Afternoon in the Garden, Henri Edmond Cross
Henri Edmond Cross
Afternoon in the Garden
DE
Back to top

Henri Edmond Cross

Afternoon in the Garden, 1904 – 1905


Dimensions
129.5 x 192.0 cm
Physical Description
Oil on canvas
Inventory Number
SG 215
Acquisition
Acquired in 1912
Status
On display, 1st upper level, Modern Art

Texts

About the Work

This painting by Henri-Edmond Cross is composed of countless dots. Only in the eyes of the viewer do these pure colours fuse to form a sun-filled garden, the setting for a relaxed scene. Here, Cross was probably painting the park and grounds surrounding his house in Saint-Clair, in southern France. In June 1904 Cross wrote to a friend that he was painting a picture in the garden and described the gradations of colour which contribute to the charm of the overall harmony and which it would be impossible to invent. Unlike the approach in Impressionist painting, however, this does not apply to the reproduction of an atmospheric lighting effect. Here, the artist makes use of the artistic principles of Neo-Impressionism developed by Georges Seurat and based on scientific theories on colour perception. The objects were accordingly dismantled into a rigid grid of coloured dots which frequently made the colourful works look rather stiff.

Work Data

Basic Information

Title
Afternoon in the Garden
Painter
Production Place
Period Produced
School
Object Type
Physical Description
Oil on canvas
Material
Technique
Label at the Time of Manufacture
Signiert unten links: henri Edmond Cross

Property and Acquisition

Institution
Administration
Collection
Creditline
Städel Museum, Frankfurt am Main
Picture Copyright
CC BY-SA 4.0 Städel Museum, Frankfurt am Main
Acquisition
Acquired in 1912

Work Content

Motifs and References

Iconclass

Primary
Secondary

Research and Discussion

Provenance

Object History
Henri Edmond Cross (1856-1910)
verkauft durch die Galerie Druet, Paris, an die Stadt Frankfurt am Main, 1912.

Information

Since 2001, the Städel Museum has systematically been researching the provenance of all objects that were acquired during the National Socialist period, or that changed owners or could have changed owners during those years. The basis for this research is the “Washington Declaration”, also known as the “Washington Conference Principles”, formulated at the 1998 “Conference on Holocaust-Era Assets” and the subsequent “Joint Declaration”.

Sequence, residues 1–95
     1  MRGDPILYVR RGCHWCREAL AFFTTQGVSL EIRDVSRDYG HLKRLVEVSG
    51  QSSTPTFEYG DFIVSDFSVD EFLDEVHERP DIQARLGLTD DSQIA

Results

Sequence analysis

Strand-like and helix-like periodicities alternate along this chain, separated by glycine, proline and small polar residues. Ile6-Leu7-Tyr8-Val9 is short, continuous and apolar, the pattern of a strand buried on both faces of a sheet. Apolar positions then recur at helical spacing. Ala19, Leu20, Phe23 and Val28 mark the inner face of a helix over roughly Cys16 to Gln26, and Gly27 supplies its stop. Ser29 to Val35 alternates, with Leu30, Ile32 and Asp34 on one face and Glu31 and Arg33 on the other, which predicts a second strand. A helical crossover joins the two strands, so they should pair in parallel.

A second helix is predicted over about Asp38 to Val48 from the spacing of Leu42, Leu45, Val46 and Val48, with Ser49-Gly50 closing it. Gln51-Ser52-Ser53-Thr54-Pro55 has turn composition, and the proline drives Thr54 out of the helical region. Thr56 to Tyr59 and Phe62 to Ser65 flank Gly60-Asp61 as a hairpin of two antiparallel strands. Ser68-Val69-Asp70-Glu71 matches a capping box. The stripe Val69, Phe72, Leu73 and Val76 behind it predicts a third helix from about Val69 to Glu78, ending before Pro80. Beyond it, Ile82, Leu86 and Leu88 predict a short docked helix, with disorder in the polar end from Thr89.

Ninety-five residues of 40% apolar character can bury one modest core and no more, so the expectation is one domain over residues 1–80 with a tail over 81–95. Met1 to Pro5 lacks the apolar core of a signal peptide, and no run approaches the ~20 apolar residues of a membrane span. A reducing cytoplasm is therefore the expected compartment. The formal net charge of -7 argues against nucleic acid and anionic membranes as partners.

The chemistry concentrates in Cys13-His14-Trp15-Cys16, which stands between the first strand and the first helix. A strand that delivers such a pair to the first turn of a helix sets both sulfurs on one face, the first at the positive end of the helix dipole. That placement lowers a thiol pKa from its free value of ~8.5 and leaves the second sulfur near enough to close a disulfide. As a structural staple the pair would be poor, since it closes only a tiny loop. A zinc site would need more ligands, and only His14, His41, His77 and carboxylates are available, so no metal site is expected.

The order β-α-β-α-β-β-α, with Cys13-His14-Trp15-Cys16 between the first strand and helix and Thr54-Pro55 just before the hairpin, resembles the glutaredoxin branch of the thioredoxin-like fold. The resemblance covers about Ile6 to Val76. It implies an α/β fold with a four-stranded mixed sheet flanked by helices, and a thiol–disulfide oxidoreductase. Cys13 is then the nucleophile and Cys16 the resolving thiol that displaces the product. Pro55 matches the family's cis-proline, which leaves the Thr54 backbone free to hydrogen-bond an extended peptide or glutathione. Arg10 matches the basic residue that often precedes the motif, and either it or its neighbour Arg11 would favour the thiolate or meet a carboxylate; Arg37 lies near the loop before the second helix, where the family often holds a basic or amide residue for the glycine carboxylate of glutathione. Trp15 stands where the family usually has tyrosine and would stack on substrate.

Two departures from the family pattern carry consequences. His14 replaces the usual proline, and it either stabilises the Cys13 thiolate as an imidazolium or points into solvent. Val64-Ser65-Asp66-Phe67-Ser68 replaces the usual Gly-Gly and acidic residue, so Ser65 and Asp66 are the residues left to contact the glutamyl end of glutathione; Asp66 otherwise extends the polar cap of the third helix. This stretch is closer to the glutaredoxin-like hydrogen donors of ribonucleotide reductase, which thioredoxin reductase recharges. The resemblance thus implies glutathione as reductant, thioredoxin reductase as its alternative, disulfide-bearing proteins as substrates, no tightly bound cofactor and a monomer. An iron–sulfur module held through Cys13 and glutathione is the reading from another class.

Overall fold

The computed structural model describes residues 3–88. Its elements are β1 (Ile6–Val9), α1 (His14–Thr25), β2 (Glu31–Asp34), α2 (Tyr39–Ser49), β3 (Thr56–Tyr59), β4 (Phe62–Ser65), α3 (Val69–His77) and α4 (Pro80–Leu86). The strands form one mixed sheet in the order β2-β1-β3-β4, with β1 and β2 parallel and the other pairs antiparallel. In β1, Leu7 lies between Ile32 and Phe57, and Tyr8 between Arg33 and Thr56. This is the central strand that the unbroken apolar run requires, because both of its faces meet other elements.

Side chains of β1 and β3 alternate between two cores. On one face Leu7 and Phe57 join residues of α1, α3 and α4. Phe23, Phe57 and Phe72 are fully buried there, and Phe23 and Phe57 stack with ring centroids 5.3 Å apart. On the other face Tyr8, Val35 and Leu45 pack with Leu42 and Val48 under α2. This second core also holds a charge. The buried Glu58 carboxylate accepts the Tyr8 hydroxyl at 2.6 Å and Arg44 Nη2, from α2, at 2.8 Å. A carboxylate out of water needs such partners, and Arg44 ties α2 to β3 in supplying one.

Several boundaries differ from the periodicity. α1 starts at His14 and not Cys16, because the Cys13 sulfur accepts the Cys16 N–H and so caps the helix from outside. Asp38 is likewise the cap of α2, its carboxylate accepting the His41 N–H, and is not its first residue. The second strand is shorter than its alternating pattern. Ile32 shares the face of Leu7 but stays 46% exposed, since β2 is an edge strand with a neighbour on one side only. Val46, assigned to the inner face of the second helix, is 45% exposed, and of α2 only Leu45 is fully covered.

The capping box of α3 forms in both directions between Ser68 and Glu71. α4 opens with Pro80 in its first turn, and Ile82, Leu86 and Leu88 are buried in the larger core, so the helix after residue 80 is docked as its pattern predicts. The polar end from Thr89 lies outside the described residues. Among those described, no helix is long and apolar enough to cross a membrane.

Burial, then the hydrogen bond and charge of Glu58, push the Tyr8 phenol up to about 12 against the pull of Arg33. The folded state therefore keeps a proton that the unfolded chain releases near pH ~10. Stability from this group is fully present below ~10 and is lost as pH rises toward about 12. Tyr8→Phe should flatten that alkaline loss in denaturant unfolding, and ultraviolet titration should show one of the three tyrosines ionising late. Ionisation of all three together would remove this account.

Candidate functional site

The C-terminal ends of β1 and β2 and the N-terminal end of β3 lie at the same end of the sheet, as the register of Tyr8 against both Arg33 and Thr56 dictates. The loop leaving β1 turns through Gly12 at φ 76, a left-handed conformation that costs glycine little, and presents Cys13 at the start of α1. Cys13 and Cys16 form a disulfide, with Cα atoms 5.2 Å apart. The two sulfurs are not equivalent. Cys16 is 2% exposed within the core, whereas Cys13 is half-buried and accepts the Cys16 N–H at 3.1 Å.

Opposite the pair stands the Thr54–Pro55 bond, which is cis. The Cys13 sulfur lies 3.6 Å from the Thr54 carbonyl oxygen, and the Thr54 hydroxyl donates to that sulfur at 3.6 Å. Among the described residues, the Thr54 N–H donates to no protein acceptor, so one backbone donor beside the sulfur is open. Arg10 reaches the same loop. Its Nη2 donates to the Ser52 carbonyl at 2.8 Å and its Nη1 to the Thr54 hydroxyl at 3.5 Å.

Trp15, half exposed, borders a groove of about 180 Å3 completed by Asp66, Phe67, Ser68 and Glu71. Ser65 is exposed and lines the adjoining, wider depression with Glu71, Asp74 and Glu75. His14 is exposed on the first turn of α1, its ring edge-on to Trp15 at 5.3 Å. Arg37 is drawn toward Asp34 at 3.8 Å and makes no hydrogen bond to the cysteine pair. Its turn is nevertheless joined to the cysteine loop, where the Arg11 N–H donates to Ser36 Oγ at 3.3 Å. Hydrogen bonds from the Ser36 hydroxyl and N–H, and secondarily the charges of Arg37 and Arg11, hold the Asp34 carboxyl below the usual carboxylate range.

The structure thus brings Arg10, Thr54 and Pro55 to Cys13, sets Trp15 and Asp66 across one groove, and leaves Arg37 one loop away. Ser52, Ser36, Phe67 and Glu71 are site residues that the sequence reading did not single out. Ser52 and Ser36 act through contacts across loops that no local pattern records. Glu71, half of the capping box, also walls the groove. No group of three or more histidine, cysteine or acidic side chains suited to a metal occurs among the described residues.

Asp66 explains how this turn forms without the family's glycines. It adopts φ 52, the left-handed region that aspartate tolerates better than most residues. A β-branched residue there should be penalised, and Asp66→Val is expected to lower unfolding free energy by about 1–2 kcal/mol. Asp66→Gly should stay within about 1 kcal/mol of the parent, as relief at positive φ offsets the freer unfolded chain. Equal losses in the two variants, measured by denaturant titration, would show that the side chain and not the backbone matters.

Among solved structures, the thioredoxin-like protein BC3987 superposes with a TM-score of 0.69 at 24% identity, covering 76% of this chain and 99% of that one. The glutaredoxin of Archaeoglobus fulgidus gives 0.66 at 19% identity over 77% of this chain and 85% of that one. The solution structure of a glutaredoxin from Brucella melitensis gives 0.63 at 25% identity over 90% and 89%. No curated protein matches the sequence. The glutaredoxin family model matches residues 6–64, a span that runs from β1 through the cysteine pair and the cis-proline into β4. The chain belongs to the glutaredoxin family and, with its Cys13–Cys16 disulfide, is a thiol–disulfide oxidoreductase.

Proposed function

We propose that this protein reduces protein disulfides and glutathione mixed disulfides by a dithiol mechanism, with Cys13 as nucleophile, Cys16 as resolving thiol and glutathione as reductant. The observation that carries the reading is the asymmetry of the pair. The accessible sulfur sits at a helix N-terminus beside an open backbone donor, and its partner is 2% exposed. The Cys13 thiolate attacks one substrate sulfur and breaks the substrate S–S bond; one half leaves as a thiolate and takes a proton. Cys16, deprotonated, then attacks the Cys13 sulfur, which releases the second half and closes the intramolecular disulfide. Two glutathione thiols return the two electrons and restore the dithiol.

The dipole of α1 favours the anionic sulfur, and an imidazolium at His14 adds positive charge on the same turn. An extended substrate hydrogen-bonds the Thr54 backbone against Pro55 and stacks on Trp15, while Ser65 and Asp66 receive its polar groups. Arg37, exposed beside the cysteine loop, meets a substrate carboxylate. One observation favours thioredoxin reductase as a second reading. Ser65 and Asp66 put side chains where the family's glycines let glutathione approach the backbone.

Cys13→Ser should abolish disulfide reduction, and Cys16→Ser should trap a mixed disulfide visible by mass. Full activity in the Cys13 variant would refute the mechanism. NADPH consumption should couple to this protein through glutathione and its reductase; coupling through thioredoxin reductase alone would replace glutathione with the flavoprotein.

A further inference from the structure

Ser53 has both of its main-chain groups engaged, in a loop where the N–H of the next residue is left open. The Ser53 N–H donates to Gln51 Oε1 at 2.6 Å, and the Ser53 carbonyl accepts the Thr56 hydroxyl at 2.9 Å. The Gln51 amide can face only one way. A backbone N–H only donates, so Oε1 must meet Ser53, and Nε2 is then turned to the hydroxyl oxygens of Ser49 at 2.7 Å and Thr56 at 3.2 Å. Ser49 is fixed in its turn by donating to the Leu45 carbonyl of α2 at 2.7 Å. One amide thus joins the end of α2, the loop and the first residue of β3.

The provenance information is based on the sources researched at the time they were published digitally. However, this information can change at any time when new sources are discovered. Provenance research is therefore a continuous process and one that is updated at regular intervals.

Ideally, the provenance information documents an object’s origins from the time it was created until the date when it found its way into the collection. It contains the following details, provided they are known:

  • the type of acquisition and/or the way the object changed hands
  • the owner's name and place of residence
  • the date on which it changed hands

The successive ownership records are separated from each other by a semicolon.

Gaps in the record of a provenance are indicated by the placeholder “…”. Unsupported information is listed in square brackets.

If you have any questions or suggestions, please contact the museum at .

Conservation and Restoration

Art-technology findings and/or documentation regarding conservation and restoration are available for this work. If interested, please contact .

Similar works

  • All
  • Motif
  • Picture Elements
  • Association
  • Atmosphere
  • Emotion

More to discover

Contact

Do you have any suggestions, questions or information about this work?

Last import

20.05.2020